An American male, professional, aged between 36 and 49, earning between $100,000 and $150,000 a year and a previous visitor to the Cayman Islands. That’s the statistical profile of the most common stay-over visitor to the Cayman Islands.
During a little over six days on island, he is almost certain to go to the beach, try snorkeling and visit restaurants. He is most likely to visit Stingray City, Rum Point and Camana Bay, but is less inclined to take a trip to the National Gallery or the National Museum.
Overall, he will spend $179.41 for every day he is on island.
The Department of Tourism figures, gleaned from 10-minute exit surveys with 1,324 stay-over visitors between January and June of this year, paint a detailed picture of the backgrounds and spending habits of visitors to these islands.
The vast majority of visitors quizzed in the tablet surveys rate their experience as very good, usually favorable compared to other destinations they have visited in the Caribbean. More than half say they plan to return to the Cayman Islands within two years.
If there are any gripes, customer experience surveys show, they are most likely to be about value for money.
One in eight visitors goes scuba diving, and just over 3 percent list it as the main reason for their trip. Divers and those visiting relatives are likely to take the longest trips, the data shows.
A surprising 12 percent of respondents said they did not go to the beach during their visit.
The U.S. is consistently the main source market for visitors, accounting for more than 80 percent of arrivals in the first half of the year, according to data from the Immigration Department. Europe, at 6.9 percent, and Canada, at 6.7 percent, are next.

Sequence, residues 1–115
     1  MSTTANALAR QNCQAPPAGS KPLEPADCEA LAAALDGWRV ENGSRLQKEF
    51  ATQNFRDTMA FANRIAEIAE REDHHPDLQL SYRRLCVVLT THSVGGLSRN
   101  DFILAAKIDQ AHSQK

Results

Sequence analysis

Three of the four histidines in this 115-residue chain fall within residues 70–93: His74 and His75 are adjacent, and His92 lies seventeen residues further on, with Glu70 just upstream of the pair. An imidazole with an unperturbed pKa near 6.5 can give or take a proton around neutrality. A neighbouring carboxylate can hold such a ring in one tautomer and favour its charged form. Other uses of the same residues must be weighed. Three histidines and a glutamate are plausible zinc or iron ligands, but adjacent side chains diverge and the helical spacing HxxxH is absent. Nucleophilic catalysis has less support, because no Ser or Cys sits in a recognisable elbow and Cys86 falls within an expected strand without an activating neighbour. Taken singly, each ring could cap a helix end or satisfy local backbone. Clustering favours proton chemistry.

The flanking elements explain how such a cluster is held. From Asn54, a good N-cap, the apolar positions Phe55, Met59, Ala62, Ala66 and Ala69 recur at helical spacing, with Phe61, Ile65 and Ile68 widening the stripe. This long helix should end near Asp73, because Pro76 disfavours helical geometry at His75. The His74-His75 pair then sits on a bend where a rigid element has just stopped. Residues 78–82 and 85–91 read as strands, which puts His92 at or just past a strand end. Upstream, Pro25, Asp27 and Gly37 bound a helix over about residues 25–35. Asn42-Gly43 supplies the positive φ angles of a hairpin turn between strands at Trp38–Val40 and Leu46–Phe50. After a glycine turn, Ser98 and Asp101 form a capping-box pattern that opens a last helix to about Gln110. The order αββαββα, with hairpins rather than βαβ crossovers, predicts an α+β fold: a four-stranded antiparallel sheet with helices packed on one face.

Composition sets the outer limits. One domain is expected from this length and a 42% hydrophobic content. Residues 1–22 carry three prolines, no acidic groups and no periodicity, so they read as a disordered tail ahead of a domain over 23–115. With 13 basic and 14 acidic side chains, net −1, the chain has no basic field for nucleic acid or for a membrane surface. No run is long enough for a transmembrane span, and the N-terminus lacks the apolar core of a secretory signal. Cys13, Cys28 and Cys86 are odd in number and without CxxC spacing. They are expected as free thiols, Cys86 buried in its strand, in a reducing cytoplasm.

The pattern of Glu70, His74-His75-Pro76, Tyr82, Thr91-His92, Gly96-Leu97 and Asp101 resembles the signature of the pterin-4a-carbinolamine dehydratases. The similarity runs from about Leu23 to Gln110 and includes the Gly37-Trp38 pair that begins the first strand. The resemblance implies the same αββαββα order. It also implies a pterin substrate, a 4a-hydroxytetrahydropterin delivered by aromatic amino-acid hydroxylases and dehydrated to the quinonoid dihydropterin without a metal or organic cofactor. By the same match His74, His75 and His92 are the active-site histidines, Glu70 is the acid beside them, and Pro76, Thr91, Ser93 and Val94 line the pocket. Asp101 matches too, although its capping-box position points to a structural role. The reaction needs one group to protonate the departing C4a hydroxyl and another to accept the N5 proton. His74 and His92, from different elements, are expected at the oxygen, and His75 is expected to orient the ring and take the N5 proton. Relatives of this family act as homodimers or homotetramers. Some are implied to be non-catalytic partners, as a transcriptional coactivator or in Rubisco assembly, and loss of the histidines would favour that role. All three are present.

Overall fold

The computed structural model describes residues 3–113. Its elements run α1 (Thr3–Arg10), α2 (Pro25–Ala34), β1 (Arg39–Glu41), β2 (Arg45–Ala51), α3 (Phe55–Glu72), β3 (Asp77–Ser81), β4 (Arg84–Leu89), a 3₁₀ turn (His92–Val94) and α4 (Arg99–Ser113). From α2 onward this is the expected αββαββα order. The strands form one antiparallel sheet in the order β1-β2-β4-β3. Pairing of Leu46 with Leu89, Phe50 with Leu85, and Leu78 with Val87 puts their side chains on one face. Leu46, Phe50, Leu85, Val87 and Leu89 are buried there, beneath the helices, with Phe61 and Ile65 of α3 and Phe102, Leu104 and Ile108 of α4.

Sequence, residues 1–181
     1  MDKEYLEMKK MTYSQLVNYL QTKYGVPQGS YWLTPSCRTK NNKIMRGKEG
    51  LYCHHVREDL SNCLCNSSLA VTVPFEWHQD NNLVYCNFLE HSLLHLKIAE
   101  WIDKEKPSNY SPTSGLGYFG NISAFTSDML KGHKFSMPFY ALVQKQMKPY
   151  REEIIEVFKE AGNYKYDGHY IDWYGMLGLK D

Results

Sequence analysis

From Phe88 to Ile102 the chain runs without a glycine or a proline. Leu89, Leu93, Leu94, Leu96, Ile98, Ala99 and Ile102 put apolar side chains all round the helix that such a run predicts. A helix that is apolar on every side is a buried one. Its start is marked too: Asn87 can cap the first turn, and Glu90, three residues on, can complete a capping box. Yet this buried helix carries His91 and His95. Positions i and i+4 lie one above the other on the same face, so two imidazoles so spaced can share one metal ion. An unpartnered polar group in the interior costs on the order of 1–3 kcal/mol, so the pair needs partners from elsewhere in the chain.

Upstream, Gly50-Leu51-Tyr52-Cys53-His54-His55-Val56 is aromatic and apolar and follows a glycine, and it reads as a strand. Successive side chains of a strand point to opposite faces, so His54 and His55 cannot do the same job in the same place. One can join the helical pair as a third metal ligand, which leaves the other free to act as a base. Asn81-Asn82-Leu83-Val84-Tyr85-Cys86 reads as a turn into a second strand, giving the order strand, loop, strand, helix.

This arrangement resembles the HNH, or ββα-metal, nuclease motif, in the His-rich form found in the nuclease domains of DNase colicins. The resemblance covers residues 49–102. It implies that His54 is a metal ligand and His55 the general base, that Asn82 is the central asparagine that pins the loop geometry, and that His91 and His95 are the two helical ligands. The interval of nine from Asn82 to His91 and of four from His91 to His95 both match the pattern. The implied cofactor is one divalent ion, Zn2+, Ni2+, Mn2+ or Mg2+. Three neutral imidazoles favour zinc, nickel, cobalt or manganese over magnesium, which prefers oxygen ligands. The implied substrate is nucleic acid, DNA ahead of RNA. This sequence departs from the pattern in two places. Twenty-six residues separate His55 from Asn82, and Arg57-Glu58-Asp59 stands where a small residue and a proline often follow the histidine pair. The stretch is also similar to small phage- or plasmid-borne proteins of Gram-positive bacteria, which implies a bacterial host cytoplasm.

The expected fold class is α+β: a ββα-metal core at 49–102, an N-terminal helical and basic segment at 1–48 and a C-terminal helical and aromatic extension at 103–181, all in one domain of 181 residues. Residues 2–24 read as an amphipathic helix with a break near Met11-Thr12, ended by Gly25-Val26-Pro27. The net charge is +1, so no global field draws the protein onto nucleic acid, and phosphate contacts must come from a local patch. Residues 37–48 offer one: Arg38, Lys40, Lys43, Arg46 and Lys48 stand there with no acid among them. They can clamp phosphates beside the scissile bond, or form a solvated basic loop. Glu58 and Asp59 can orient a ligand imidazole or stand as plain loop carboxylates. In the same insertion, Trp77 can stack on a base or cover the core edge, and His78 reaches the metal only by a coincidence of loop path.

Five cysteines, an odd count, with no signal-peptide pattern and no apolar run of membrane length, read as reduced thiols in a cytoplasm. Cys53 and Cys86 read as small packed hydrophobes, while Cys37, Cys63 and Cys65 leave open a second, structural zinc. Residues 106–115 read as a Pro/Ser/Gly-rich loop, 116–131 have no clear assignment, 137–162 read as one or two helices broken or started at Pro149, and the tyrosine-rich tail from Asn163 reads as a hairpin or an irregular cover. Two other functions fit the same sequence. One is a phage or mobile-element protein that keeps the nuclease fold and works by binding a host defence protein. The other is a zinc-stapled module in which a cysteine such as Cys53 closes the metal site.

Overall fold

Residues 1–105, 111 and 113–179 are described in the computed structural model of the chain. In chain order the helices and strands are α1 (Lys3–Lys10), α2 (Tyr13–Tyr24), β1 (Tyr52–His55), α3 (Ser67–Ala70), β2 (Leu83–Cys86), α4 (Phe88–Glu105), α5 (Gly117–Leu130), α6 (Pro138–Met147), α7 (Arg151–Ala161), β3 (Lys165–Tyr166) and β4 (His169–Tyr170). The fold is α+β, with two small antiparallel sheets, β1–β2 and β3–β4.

Of potential significance to advocates for new cruise facilities, the survey results show that almost 10 percent of stay-over visitors previously came to the Cayman Islands on a cruise ship.
Though separate data shows that cruise visitors spend less and stay for shorter periods of time, usually just a day, Tourism Minister Moses Kirkconnell has argued that cruise arrivals also serve as a kind of direct marketing for the island.
Separate data, also released by the Department of Tourism in its biannual statistics report, shows there are currently 500 properties licensed to operate in the Cayman Islands with a total of 8,058 beds available to tourists.
Though visitor arrivals were down slightly for the period, hotels were charging more per-room and government revenue was up.
Mr. Kirkconnell said he expects arrival numbers to increase as more beds become available through the planned openings of the Kimpton and Margaritaville hotels this year.